Seoul announced last week that it will also ask Indonesian authorities to acknowledge products endorsed by the Korea Muslim Federation, to bring its authorisation in line with neighbours Malaysia and Singapore.
"We are seeking a cross-certification of local halal certificates in the UAE and Indonesia by the end of this year, and to launch an aggressive marketing campaign for South Korean halal foods," the Korean Ministry of Agriculture, Food and Rural Affairs said in a statement.
Two years ago Seoul agreed to adopt the UAE certification at the opening of a Korea-UAE trade office in Abu Dhabi.
"The UAE halal certification programme will be introduced in Korea. I hope Korean agricultural produce will be popular in the UAE in the near future,” said Kwon Hae-ryong, South Korea’s ambassador.
Korea’s president had earlier signed an agreement on agricultural cooperation and halal food cooperation with the UAE, which imports some 90% of its food.
The country has been exploring new export markets “as shipments to China and Japan have been adversely affected by political and diplomatic developments,” the ministry added.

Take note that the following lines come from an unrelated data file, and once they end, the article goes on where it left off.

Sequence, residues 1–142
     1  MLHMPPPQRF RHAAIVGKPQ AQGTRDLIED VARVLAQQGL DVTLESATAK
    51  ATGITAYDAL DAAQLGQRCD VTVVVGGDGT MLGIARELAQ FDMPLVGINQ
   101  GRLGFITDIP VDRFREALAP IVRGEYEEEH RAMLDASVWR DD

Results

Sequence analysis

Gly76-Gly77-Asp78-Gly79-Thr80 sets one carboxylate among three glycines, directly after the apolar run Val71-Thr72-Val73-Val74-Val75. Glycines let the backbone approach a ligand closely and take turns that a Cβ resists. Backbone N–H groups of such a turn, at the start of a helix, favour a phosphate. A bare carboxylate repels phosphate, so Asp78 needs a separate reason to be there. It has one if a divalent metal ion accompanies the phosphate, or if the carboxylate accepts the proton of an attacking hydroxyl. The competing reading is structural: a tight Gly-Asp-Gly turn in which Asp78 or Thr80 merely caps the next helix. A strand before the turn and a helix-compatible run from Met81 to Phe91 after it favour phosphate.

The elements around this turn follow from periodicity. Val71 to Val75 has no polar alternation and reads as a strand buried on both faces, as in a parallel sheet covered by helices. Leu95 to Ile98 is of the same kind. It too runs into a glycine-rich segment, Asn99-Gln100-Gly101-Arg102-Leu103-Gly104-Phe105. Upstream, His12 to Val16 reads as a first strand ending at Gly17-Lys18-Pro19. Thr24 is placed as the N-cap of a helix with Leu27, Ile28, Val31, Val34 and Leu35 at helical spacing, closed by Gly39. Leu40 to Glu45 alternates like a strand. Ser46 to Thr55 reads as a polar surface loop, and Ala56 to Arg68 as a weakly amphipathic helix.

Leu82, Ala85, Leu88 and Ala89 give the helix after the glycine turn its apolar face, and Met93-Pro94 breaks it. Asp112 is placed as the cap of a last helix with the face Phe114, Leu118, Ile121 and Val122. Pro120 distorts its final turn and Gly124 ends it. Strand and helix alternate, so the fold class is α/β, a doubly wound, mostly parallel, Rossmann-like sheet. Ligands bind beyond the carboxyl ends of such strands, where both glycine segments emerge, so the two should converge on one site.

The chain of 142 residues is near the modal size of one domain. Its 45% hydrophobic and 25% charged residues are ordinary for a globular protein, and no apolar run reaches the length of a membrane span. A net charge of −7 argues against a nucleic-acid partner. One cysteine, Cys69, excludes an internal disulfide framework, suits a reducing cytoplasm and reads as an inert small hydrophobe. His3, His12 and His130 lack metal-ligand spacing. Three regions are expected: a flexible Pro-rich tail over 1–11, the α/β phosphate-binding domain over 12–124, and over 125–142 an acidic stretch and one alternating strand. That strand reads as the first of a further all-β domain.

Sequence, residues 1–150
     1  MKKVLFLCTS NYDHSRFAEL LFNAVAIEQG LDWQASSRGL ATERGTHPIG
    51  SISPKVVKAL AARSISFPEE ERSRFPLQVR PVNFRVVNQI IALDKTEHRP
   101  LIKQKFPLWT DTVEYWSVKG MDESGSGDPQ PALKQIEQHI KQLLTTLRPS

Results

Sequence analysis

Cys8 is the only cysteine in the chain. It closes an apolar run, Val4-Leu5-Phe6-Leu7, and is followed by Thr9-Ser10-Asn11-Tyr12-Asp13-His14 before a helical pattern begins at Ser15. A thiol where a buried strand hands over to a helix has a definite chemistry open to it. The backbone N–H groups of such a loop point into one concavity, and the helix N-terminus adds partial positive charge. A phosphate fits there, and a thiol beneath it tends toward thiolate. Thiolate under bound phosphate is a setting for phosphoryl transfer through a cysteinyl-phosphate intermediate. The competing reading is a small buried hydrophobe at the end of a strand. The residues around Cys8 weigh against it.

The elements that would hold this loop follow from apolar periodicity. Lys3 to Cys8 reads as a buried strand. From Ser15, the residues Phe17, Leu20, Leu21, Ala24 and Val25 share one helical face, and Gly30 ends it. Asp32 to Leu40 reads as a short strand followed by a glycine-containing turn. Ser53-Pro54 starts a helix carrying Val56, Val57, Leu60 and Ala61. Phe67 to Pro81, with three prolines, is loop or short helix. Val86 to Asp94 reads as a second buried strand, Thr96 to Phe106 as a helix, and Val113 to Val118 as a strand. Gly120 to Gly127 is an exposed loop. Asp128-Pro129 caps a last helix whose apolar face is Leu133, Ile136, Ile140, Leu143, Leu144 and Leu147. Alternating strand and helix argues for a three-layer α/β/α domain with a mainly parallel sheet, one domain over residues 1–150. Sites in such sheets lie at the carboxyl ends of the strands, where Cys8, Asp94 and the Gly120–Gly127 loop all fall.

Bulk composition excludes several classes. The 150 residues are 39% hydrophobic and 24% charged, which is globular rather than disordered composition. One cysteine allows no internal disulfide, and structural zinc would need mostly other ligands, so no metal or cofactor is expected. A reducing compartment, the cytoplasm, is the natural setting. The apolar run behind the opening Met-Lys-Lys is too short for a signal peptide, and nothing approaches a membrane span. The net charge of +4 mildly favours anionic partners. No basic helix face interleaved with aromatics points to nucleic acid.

Though South Korea’s agricultural exports to Japan, China and America accounted for 45% of its total exports last year, recent Chinese demand has dropped sharply amid a row over the country’s deployment of an American missile defence system on its soil.
The nation is also concerned that its business with America could decline in light of concerns that President Trump could revoke a Korea-US free-trade agreement, which he dubbed a job-killing deal.
Korean agriculture exports to the 57-nation Organisation of the Islamic Conference grew by 8.8% to US$913m last year, accounting for 14% of all shipments in the segment, according to the agriculture ministry.